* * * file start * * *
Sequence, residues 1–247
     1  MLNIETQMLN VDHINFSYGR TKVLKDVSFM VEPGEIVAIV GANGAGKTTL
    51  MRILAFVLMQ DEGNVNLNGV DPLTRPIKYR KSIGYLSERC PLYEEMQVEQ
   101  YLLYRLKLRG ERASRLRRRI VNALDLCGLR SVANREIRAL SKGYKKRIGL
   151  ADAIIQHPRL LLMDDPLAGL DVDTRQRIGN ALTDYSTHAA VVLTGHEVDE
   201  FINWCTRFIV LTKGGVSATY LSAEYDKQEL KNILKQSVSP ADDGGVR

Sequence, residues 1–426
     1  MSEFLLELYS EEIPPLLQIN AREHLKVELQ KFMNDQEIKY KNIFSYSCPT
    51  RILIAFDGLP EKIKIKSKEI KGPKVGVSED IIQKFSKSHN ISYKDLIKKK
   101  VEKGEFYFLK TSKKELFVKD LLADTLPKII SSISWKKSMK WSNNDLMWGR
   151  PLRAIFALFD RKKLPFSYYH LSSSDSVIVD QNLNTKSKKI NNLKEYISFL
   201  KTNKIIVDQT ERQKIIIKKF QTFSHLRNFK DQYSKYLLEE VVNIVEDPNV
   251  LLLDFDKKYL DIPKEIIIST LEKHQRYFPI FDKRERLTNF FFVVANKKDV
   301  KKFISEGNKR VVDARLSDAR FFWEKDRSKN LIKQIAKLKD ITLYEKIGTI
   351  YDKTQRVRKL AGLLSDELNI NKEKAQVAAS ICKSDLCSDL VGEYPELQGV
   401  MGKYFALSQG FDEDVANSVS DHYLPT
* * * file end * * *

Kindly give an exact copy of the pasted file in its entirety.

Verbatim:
Sequence, residues 1–247
     1  MLNIETQMLN VDHINFSYGR TKVLKDVSFM VEPGEIVAIV GANGAGKTTL
    51  MRILAFVLMQ DEGNVNLNGV DPLTRPIKYR KSIGYLSERC PLYEEMQVEQ
   101  YLLYRLKLRG ERASRLRRRI VNALDLCGLR SVANREIRAL SKGYKKRIGL
   151  ADAIIQHPRL LLMDDPLAGL DVDTRQRIGN ALTDYSTHAA VVLTGHEVDE
   201  FINWCTRFIV LTKGGVSATY LSAEYDKQEL KNILKQSVSP ADDGGVR

Sequence, residues 1–426
     1  MSEFLLELYS EEIPPLLQIN AREHLKVELQ KFMNDQEIKY KNIFSYSCPT
    51  RILIAFDGLP EKIKIKSKEI KGPKVGVSED IIQKFSKSHN ISYKDLIKKK
   101  VEKGEFYFLK TSKKELFVKD LLADTLPKII SSISWKKSMK WSNNDLMWGR
   151  PLRAIFALFD RKKLPFSYYH LSSSDSVIVD QNLNTKSKKI NNLKEYISFL
   201  KTNKIIVDQT ERQKIIIKKF QTFSHLRNFK DQYSKYLLEE VVNIVEDPNV
   251  LLLDFDKKYL DIPKEIIIST LEKHQRYFPI FDKRERLTNF FFVVANKKDV
   301  KKFISEGNKR VVDARLSDAR FFWEKDRSKN LIKQIAKLKD ITLYEKIGTI
   351  YDKTQRVRKL AGLLSDELNI NKEKAQVAAS ICKSDLCSDL VGEYPELQGV
   401  MGKYFALSQG FDEDVANSVS DHYLPT